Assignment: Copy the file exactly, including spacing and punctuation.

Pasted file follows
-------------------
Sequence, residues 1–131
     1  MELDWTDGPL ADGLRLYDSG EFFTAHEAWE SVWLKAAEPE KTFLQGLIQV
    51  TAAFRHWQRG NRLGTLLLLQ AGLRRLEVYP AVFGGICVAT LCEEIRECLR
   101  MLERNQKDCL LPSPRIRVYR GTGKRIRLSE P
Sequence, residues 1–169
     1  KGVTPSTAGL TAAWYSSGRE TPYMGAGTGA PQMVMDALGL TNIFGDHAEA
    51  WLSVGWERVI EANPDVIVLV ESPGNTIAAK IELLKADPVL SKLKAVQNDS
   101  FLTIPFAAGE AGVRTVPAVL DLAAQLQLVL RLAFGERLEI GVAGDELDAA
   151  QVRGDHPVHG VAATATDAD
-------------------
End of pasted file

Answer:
Sequence, residues 1–131
     1  MELDWTDGPL ADGLRLYDSG EFFTAHEAWE SVWLKAAEPE KTFLQGLIQV
    51  TAAFRHWQRG NRLGTLLLLQ AGLRRLEVYP AVFGGICVAT LCEEIRECLR
   101  MLERNQKDCL LPSPRIRVYR GTGKRIRLSE P
Sequence, residues 1–169
     1  KGVTPSTAGL TAAWYSSGRE TPYMGAGTGA PQMVMDALGL TNIFGDHAEA
    51  WLSVGWERVI EANPDVIVLV ESPGNTIAAK IELLKADPVL SKLKAVQNDS
   101  FLTIPFAAGE AGVRTVPAVL DLAAQLQLVL RLAFGERLEI GVAGDELDAA
   151  QVRGDHPVHG VAATATDAD